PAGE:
The Iraq War is a tough act to follow.

                And in order to fuck stuff up that badly, you need to be politically adroit enough to build a real consensus supporting your incredibly bad idea.

                Trump’s glaring unfitness for office somewhat limits the damage he can do.Report

              • Avatar InMD in reply to pillsy says:

                Which is why I have my other very unpopular opinion, that being that the way to survive his administration is more in line with the Pelosi approach than the rage/hysteria approach. Chicken little-ing and wild-eyed woke-ism are what he feeds on. Like I said in my comment down below to Chip, Trump has a constituency but hardly an unbeatable one. And I think youre right, his incompetence at governance has so far really limited his ability to do a lot of policy. The only major thing I can think of that can’t be undone or considerably mitigated by executive action is the tax cuts.Report

              • Avatar North in reply to InMD says:

                Well the thing about tax cuts is it leaves the money out there to be taxed later. Which is why deficit financed tax cuts are generally recognized as taxes deferred and why republicans inevitably pivot to the “oh noes, we’re out of money, we need to cut the safety net away!” step of their tax cut dance.Report

              • Avatar pillsy in reply to InMD says:

                Yeah I mostly disagree with that (I think Pelosi has crossed the line from “prudent” to “way overly cautious”) because I think the stuff that feeds Trump’s need for attention, or makes him angry, or generally just plays on the fact that he’s a weird giant toddler with basically no impulse control, tends to politically damage him even though his actual base loves it.

                Though these days my rage is really oriented towards Trump’s allegedly respectable enablers in the conservative media and elected office.Report

              • Avatar Stillwater in reply to InMD says:

                Chicken little-ing and wild-eyed woke-ism are what he feeds on.

                Not so. Certainly neither of those things won him the Republican primary, and (imo) played no role in his winning the general. Trump feeds on weakness and cynicism. Failing to impeach Trump effectively signals (again, imo) that his critique of the Dems and institutionalists is correct: they’re empty windbags who lack the power to stop him. His supporters eat that shit up, and fence sitter nod in agreement even tho they may despise him. Dem passivity is therefore viewed as either complicity or surrender.Report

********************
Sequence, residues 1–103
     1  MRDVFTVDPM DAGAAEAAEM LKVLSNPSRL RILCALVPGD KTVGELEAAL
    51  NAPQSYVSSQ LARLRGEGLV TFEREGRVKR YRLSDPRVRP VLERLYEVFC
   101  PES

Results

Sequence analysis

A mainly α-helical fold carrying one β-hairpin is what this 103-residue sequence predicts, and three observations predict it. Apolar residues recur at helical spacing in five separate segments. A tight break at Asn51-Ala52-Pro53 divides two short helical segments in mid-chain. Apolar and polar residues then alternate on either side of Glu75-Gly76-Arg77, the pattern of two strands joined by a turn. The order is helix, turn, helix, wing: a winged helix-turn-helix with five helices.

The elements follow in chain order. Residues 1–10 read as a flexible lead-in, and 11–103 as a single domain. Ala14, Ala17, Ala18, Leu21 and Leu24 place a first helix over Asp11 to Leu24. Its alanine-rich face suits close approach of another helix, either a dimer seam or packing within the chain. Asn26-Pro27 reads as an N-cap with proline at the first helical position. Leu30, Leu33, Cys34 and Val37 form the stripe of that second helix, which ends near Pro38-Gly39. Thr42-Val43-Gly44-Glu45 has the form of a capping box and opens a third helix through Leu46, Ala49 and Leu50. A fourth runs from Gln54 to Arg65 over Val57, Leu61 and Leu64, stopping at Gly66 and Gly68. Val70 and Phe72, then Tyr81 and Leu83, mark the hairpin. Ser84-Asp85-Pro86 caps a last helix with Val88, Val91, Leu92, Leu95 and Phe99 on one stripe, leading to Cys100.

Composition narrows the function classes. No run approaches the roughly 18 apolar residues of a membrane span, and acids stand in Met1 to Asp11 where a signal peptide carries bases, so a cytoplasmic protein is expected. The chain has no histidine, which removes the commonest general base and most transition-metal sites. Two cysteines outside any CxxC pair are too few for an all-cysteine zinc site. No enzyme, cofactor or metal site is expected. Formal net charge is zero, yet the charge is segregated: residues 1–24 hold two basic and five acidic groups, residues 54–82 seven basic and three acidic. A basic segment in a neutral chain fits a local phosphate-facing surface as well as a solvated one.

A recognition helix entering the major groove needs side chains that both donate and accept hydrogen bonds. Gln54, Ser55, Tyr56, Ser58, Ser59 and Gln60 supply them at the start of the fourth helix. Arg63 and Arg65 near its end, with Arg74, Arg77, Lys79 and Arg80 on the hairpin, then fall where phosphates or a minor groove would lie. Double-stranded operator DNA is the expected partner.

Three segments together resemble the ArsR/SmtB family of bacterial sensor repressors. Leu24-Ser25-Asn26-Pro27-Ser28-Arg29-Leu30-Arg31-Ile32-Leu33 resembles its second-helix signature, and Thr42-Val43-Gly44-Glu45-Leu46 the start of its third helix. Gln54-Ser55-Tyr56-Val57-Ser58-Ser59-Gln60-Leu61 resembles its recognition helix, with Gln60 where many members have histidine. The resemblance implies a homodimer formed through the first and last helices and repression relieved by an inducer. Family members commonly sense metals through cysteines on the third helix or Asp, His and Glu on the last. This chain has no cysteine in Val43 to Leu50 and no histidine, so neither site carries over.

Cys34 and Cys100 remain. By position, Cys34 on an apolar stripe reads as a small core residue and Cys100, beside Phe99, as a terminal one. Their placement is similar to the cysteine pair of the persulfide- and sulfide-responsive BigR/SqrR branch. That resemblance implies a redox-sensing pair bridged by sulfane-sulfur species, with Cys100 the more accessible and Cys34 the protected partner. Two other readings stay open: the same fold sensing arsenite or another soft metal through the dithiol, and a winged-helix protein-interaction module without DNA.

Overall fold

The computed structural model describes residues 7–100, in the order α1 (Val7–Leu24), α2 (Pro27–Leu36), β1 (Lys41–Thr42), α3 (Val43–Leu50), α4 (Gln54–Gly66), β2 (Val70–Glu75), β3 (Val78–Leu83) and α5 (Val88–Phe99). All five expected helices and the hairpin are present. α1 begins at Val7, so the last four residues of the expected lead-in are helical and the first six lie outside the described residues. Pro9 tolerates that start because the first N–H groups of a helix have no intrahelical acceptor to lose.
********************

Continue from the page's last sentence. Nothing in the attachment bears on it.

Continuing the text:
• Avatar North in reply to Stillwater says:

                And if she tries to impeach and the worst case scenario comes to pass, it’s a clusterfish and Trumps supporters are energized and powers him to victory? What will that say? How’ll the Dems look then?

                I mean, hell, like you said- we’re both just guessing; but let’s not pretend impeaching isn’t a very high risk move.Report

              • Avatar Stillwater in reply to North says:

                Of course, my argument is that impeaching carries less downside risk and more upside gain than not impeaching, but I agree that the stakes are high.Report

              • Avatar North in reply to Stillwater says:

                Gotcha, we’re not all that far apart really, weighting the costs and benefits and coming up with slightly different conclusions.Report

              • Avatar Stillwater in reply to North says:

                North, I wish that were so, but we’re actually very far apart, seems to me. Your view is that there is no risk in not impeaching Trump; that only doing so is risky. My view is that Pelosi’s mixed-message jibberings about Trump self-impeaching and other assorted nonsense is a tremendously risky move on her part. The only reason it appears less risky than impeachment (to her and you I think) is because the polls *right now* show Dem candidates beating Trump in hypothetical matchups.Report

              • Avatar Jaybird in reply to Stillwater says:

                I think that Mister Miyagi had some wisdom to offer on this:

                I think that Impeachment is similar. Going for Impeachment boldly is a good move. Not going for Impeachment at all is a good move. Going for Impeachment guess-so? Bad move. Squish like grape.

                If the argument is between Yes and No, there are good arguments for both. Maybe more good arguments for Yes than for No.

                Between Guess-so and No? No has a *LOT* more good arguments in favor of it than Guess-so does.Report

            • Avatar Saul Degraw in reply to North says:

              IIRC there are studies that show the public will follow party leaders. The impeachment proceeding logic right now seems to be part pragmatic (It will die in the Senate) and partially politicians following the polls.

              Pelosi made her cryptic “self-impeachment” comment which read to me as “He is shooting himself in the foot, the people will see this, and vote accordingly in 2020 (hopefully).” This is weak tea. There is another argument that the House is doing impeachment proceedings in all but name.

              I don’t see what is wrong with Pelosi going on TV and explaining that the House is forced to Impeach despite the fact it will die in McConnel’s partisan Senate and then explain that Trump’s defiance and contempt of Congress violates the Constitution, makes him act like a dictator, and this cannot stand.

              This is not quite the GOP and Clinton in 1998 and that might be misremembered anyway because impeachment did not begin until after the midterms.Report

              • Avatar North in reply to Saul Degraw says: